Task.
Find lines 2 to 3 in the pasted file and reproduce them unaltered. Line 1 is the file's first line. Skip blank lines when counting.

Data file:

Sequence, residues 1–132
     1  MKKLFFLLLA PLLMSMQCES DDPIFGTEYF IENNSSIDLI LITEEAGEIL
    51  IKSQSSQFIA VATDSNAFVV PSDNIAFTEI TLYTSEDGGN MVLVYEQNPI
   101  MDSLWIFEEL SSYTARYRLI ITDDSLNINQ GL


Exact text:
     1  MKKLFFLLLA PLLMSMQCES DDPIFGTEYF IENNSSIDLI LITEEAGEIL
    51  IKSQSSQFIA VATDSNAFVV PSDNIAFTEI TLYTSEDGGN MVLVYEQNPI